(CNN) -- Did Andy Kaufman get away with his greatest stunt?
The Internet erupted Thursday following reports that Kaufman's younger brother, Michael, suggested the performance artist may have faked his 1984 death.
The reports further fueled long-held conspiracy theories that the comedian's death from a rare form of cancer at age 35 was a hoax.
In a tale almost as outlandish as his brother's skits, Michael Kaufman told an audience at a New York comedy club Monday night that he received a letter from his brother 15 years after his death. He then introduced a woman he said was his brother's daughter born in 1989.
Michael Kaufman explained he was going through Andy's writings many years ago and found a reference to him "talking about faking his death," including the line, "I will reappear." It said Andy's reappearance would take place at a restaurant on Christmas Eve in 1999.
When Michael Kaufman went to the restaurant, he said, a parking attendant gave him a letter purportedly from his brother. Michael Kaufman read the letter to the audience at Monday's annual Andy Kaufman Awards show. Video of the reading was obtained by CNN's "The Lead with Jake Tapper."
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"It was too much pressure to be Andy Kaufman. I just wanted to be Andy," Michael Kaufman read. "I think that's why I got sick. I had to change completely and quickly. I'm extremely very happily married with the most wonderful wife in the whole wide world and with the two greatest kids: a 10-year-old daughter and a son who is 8."
Michael Kaufman said he was "obviously moved by this, but I'm also real skeptical."
He then introduced a 24-year-old woman as Andy's now-grown daughter.
Michael Kaufman told the audience the woman approached him about a month after his father, Stanley Kaufman, died this summer: "She told me a lot of secrets that Andy and I had together, like our secret handshake, the way Andy made fun of me for being too nice of a guy."
On Thursday, The Smoking Gun reported that the woman is a young actress who posed as the comedian's daughter and that she's really the daughter of a 58-year-old psychologist. Earlier reports of Monday's event surfaced on The Hollywood Reporter, which attributed the original reports to The Comic's Comic and Defamer.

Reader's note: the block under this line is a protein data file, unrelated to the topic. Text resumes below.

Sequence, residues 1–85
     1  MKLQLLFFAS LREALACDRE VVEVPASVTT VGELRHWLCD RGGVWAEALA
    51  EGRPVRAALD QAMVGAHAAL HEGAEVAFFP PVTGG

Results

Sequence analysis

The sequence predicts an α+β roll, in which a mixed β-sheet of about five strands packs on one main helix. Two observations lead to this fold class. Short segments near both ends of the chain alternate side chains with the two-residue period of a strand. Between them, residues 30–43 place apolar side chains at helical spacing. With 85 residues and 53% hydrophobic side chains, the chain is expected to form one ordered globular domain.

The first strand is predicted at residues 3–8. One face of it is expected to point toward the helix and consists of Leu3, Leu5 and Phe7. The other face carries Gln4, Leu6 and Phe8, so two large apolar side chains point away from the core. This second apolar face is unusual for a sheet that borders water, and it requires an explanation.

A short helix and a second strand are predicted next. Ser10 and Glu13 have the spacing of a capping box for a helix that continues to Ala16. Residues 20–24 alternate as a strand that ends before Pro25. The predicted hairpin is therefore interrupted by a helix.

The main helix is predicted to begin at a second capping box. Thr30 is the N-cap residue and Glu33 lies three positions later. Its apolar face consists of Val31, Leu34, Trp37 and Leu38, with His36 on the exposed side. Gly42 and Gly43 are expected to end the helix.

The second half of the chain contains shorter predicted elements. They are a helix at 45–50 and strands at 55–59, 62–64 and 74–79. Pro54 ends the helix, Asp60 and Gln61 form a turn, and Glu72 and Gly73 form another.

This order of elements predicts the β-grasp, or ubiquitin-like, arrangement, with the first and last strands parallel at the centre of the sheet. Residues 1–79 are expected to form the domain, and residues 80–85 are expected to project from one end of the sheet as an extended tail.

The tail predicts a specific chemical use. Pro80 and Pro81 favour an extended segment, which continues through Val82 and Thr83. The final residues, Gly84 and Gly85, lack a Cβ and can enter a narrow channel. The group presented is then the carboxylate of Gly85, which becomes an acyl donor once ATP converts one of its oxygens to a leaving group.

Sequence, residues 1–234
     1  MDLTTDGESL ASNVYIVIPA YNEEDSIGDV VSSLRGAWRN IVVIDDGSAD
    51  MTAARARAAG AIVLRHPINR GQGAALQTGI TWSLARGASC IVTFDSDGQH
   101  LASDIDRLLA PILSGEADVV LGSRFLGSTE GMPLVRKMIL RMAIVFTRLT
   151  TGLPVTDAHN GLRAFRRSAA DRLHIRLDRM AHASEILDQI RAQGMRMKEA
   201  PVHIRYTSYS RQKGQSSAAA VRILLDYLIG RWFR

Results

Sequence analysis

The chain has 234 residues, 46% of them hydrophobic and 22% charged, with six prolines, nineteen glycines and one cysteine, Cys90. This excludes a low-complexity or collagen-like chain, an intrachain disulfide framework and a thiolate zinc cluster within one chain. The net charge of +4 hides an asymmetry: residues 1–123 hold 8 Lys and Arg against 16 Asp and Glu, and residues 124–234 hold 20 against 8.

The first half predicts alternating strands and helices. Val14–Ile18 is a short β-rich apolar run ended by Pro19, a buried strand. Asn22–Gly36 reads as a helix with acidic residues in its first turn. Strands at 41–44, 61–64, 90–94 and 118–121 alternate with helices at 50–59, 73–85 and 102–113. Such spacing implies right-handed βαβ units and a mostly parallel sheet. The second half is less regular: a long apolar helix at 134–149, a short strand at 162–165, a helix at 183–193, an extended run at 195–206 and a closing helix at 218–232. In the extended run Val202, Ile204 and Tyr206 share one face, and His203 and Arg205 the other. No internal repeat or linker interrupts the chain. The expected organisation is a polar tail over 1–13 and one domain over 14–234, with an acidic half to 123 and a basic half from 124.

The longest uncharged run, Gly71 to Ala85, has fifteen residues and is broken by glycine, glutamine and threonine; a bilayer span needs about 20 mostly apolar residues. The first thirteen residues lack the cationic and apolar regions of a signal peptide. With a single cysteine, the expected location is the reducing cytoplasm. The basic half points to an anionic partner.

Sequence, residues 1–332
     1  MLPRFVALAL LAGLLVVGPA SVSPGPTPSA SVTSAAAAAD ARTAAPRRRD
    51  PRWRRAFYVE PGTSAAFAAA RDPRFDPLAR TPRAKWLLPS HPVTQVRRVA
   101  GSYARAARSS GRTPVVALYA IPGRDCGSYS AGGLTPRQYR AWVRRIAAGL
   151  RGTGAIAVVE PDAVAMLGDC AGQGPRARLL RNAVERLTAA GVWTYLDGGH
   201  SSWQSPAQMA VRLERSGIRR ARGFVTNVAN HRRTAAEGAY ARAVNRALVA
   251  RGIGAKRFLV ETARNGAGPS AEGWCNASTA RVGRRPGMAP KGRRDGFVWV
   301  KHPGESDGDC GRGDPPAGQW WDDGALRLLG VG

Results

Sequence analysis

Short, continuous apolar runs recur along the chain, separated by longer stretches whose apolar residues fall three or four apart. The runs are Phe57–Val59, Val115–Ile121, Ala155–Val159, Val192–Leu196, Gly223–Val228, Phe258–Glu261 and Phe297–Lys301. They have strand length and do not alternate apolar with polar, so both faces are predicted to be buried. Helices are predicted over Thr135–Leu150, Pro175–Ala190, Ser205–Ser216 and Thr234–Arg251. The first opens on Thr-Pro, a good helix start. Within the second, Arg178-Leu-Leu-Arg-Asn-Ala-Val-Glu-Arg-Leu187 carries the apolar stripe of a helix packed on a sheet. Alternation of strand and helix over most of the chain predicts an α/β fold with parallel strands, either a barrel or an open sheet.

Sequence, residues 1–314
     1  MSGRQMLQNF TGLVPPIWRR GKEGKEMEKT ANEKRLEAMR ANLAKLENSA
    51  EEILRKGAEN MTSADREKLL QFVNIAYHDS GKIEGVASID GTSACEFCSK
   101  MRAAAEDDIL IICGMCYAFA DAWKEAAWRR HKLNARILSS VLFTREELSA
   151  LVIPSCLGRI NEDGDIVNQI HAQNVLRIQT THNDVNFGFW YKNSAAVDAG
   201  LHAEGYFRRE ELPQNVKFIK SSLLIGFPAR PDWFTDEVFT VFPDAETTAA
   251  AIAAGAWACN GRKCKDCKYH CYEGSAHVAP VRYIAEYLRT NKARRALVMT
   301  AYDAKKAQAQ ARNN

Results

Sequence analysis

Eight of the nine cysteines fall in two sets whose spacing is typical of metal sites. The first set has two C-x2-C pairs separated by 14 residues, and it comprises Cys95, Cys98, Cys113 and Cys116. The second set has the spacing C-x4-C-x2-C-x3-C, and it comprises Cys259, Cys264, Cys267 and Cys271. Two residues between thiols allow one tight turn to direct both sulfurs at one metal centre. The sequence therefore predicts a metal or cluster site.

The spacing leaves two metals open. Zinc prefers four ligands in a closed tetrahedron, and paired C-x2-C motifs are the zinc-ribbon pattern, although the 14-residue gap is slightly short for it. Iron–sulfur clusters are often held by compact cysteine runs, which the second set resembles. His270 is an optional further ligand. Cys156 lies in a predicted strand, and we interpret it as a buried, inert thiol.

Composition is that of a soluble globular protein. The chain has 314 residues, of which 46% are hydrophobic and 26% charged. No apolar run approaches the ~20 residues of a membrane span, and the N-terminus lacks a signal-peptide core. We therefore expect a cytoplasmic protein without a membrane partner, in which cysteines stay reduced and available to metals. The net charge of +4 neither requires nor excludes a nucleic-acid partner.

Kaufman was beloved for his portrayal on "Taxi" of Latka Gravas, the wildly entertaining foreigner who struggled with English and multiple personality disorder. Yet to the dismay of the entertainment world, Kaufman started wrestling women in night clubs around the country in the 1980s.
It was in Memphis, Tennessee, where his wrestling gig hit the stratosphere, challenging local legend Jerry "The King" Lawler in epic matches.
"I would like nothing better than to know that Andy was still alive and been with us all this time," Lawler told CNN Thursday by phone. "But like anybody else, I really don't know any more than what I've heard.
"It could be a great hoax in his honor, dreamed up by his friend Bob Zamuda and his brother, Michael. That would be something that would be in keeping with Andy's tradition, but who's to say. It could really be legit."
If Kaufman were alive, Lawler said he would tell him: "You pulled off your dream stunt, your dream prank."
Lawler also challenged Kaufman, if he really is alive, to get back in the ring with him. "There should be a WrestleMania rematch between Andy and The King," Lawler said. "We could rekindle the feud with no problem."
Kaufman's manager George Shapiro was at the comedian's side at Cedars-Sinai Medical Center in Los Angeles on May 16, 1984. "Andy's very much alive in our hearts, but I don't think his body is around," Shapiro told CNN Thursday. "He died. I was in the hospital."
Shapiro said Kaufman always talked about faking his death and coming back in five, 10, 15 years. In fact, when Shapiro notified the New York Times and Washington Post of Kaufman's death, both newspapers were reluctant to report it.
"They figured it was a ruse, another Andy Kaufman ploy."
Longtime friend Dennis Raimondi said Kaufman confided in him around 1980 about his desire to fake his death and how he planned to do it.
"It's certainly something he gave a lot of thought to," Raimondi told CNN Thursday. "One of his concerns at the time was the reaction of his parents. He cared about them."
Raimondi said he couldn't comment further on the latest reports.
CNN spoke to Kaufman's father prior to his death this summer. Stanley Kaufman, then 90, said his son had driven him and his wife crazy from a young age -- even more so when he entered the wrestling ring.
"My wife and I used to go bananas when we would see what he was doing. We thought: 'Good God, he's gonna get killed!'" he said. "But my son was a nut, what can I tell you? He knew what he wanted to do."
He said he had no doubts of his son's death and that he missed his boy greatly. "Andy scared the hell out of us," he said. "In retrospect, of course,
I'm so, so very proud of him. But at the time, it was scary. I used to be embarrassed by my son. But he knew everything that he did, everything was deliberate, everything was calculated.
"He did a good job with what he intended to do. I am proud of the kid."
Still, his fans wonder: Could he have even fooled his father?
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